It was a great idea. Kangaroos built a 100M a year biz on the uniqueness of the pocket so it’s tough to fault. At the same time, when taking performance, the pocket was in fact at times a deterrent to success with the performance retailers. There was talk of splitting pocketed Kangaroos product from a separate Roos performance line but it never happened. The brand had some great performance product, a world class running team, Clyde ‘the Glide’ Drexier in the NBA, Walter Payton, the Chicago Bears and numerous other top American football and baseball athletes wearing the shoes but it never translated into true commercial success in the performance retail market.
So favourite models in the timeframe you worked at KangaROOS
I’d have to say the first Dynacoil package of running, walking and a basketball shoe were some of my favorites. Just knowing the amount of effort that went in to getting those shoes developed and commercialized was something else. There was a full page Dynacoil article in Business Week and the shoe was given a Runners World top shoe rating I think in 1986. That was big stuff back then! Personally I also really liked designing the cleated American football line as we had a complete range of performance product for multiple surfaces and playing positions. I built Kangaroos product such as the Swish and Dazzle basketball shoes or numerous casual running styles and boots that were far bigger sellers then any of the tech shoes but the tech work was my favorite!
Your time at Adidas was probably when the brand was at its most popular in Europe. How was the brand fairing in the states at that time.
I joined the brand to run Design not long after they had a consolidation of distributors here in the USA, a new management team was put in place and a corporate US office opened. It was a trying time for Adidas in North America with considerable on time distribution issues to work through. Also, before this time, the shoes had been designed in Germany or France and those products or derivatives of the same were brought in to the USA. There was not a lot of emphasis being placed on innovative product, built specifically and in colors for the USA market. I recall a good example was the first line of torsion running shoes developed out of Germany. Great shoes with innovative tech but across the board, the colors were so off for the US consumer yet Adi USA had to bring in the same global color ways as Europe and the rest of the world.
Was there a different strategy for footwear design in the states compared the likes of GB and Germany.
There were actually three differing footwear design groups working simultaneously while I was at Adidas. In Germany, France and then the USA. With talented people and differing resources, we split the projects along the lines that made the most sense geographically amongst key categories. So as example the USA might take the lead in basketball, training and some tennis design while Germany did the same with soccer and running. I was the first Industrial Designer that Adidas hired globally. I brought in some great industrial design talent into Adidas USA who later made a bigger splash for themselves later on in their careers post Adidas. We did some good shoes and had a strong creative team with some smart and talented guys including Eric Avar (Nike), Steven Smith (Reebok Instapump Fury designer), and Charles Johnson (Puma Innovation) amongst others.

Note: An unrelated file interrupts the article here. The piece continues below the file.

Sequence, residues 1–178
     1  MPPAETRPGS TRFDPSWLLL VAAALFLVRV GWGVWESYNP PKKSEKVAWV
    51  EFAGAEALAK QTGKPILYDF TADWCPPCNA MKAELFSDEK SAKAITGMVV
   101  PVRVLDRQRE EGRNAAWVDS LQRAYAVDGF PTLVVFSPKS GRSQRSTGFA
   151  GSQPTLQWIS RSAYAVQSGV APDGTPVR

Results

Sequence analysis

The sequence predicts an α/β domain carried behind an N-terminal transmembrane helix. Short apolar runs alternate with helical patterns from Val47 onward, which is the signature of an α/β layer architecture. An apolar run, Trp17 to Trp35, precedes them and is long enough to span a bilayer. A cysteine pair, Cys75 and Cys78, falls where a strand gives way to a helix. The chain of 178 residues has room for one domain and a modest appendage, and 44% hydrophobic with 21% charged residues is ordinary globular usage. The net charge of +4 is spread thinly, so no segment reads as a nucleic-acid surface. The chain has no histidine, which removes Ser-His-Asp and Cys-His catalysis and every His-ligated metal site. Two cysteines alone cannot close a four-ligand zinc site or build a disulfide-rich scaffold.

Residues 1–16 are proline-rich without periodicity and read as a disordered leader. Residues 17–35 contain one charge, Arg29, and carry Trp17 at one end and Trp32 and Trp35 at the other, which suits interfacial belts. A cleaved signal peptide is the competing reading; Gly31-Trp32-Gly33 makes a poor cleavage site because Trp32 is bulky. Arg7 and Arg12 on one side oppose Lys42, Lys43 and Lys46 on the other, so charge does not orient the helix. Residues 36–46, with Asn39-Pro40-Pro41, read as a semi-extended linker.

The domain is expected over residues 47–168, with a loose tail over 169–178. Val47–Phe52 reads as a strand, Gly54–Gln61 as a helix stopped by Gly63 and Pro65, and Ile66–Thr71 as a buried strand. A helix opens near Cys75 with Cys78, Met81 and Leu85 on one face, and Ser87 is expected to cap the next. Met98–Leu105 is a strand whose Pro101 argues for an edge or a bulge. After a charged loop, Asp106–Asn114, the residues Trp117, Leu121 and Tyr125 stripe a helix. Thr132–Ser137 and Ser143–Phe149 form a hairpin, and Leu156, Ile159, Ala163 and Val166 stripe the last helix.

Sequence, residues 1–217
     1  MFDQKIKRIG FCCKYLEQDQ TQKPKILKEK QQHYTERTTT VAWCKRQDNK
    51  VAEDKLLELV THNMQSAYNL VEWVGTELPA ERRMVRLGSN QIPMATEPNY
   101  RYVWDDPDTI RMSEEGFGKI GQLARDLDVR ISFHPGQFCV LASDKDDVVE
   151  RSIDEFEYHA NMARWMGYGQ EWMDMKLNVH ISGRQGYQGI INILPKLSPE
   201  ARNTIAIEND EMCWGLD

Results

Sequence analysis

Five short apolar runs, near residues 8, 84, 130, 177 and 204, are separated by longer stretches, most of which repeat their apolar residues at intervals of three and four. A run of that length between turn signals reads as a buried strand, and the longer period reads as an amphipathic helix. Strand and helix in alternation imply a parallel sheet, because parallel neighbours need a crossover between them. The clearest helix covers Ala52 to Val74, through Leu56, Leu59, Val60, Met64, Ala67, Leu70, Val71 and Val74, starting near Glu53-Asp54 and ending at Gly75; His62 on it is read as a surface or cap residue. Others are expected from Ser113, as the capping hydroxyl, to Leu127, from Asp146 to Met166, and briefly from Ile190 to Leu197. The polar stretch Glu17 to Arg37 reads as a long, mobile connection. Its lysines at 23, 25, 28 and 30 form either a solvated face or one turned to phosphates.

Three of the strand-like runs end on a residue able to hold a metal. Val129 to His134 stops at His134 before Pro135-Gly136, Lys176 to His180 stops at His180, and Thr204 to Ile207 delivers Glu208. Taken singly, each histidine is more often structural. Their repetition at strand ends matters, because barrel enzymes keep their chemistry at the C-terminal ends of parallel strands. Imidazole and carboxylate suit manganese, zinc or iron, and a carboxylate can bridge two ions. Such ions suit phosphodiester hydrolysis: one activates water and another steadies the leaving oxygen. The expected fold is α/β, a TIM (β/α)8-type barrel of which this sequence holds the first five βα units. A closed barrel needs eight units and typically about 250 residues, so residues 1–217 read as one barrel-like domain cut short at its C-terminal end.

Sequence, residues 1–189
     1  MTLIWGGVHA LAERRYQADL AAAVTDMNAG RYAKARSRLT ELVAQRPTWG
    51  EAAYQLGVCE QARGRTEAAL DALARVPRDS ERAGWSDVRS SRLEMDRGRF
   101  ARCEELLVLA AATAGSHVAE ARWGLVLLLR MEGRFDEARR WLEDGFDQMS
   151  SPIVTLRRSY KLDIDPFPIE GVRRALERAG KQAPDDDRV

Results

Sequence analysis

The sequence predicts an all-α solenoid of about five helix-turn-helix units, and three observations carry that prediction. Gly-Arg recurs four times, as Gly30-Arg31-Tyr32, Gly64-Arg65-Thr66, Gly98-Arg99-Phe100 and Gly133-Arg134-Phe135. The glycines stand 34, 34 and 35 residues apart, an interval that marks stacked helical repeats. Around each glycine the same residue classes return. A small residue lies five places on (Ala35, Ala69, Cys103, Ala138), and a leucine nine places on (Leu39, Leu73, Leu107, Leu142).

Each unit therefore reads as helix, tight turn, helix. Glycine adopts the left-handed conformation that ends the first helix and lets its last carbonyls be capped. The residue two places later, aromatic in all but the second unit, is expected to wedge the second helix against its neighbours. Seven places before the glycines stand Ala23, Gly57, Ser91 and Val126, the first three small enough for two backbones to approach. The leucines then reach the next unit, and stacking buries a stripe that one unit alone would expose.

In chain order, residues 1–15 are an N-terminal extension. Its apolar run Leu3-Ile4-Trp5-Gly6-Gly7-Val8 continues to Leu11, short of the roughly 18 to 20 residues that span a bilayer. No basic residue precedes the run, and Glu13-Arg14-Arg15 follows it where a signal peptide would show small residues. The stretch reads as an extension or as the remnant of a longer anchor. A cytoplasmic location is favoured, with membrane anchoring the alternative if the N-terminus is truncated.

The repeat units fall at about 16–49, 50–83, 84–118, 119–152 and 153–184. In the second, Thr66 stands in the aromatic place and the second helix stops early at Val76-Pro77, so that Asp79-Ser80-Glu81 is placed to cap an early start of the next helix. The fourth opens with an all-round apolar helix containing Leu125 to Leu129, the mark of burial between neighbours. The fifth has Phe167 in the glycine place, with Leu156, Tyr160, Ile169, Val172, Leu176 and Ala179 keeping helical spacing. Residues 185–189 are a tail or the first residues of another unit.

So when you joined in 1988 where would Adidas have been in the ranking of athletic footwear. Would Nike still be on top.
Yes Nike still held that ranking. Adidas still had geographic areas of strength and some highly visible global athletes such as Lendl, Edberg and Graf in tennis, Kareem and then Patrick Ewing in basketball, the worlds best soccer players and the whole Run DMC thing happening in the states. It wasn’t however until a few years later with Adidas Equipment and a consolation of all product and marketing resources globally that Adi really got back on track with a unified message. And actually at the time you mention in the later 80’s, Reebok was still very strong in the USA and giving Nike a run for their money especially with the white leather fitness craze.
Regarding the Adidas Torsion range, most Torsion shoes were designed in Germany and for sure all the running. USA did most of the basketball and besides overseeing the USA R&D I designed here and there. Frankly its been so long Im not sure if the ones I drew (that I sent you) were the Edbergs but they may have very well been. I know they were the ATP endorsed product.
You mentioned you did less hands on design at Adidas and then later on at Rockport and Reebok. Was this by chance or by choice?
I gravitated into more of a management role overseeing designers and the footwear design process while Design VP at Adidas. At times I still got on the board and designed but frankly I enjoyed more the bigger picture of overseeing the people and creative direction for an entire line rather then a focus on designing individual products. Designing a successful product is never a solo effort and my involvement and liaison with other facets of the business as well as hiring and mentoring young designers was a good fit for me. This continued to my overseeing footwear design at Rockport and the same for five years at Reebok International during which time I designed the first DMX shoes which were the brands biggest selling tech products in ’95 and ’96. Also oversaw Spin Vector, Light Speed and Mobius collections all filled with some great key products. I left the big brands in the late 90’s and started businesses consulting and inventing new licensed footwear technologies like the K-Swiss Tongue Twister. You need to listen, learn fast, adapt and think young to stay ahead in this biz! For me, athletic footwear has been a fantastic fit as a career choice and since 1980 I’ve enjoyed being part of its explosive growth and evolution.
Thanks again Ray:
JB – SOLESEEK – JUNE 2016